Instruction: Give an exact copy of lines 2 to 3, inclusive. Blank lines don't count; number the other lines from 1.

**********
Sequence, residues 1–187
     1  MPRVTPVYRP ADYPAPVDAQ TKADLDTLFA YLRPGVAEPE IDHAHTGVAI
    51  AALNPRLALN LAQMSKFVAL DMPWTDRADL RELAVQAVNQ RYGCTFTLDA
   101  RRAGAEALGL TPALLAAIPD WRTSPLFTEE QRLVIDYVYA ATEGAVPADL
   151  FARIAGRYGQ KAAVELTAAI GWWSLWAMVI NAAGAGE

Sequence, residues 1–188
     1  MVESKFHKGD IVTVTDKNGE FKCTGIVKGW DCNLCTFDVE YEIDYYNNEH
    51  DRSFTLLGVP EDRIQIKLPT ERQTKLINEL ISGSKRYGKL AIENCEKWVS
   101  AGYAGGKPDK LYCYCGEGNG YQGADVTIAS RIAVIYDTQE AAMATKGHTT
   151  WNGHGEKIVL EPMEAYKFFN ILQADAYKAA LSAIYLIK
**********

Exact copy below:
     1  MPRVTPVYRP ADYPAPVDAQ TKADLDTLFA YLRPGVAEPE IDHAHTGVAI
    51  AALNPRLALN LAQMSKFVAL DMPWTDRADL RELAVQAVNQ RYGCTFTLDA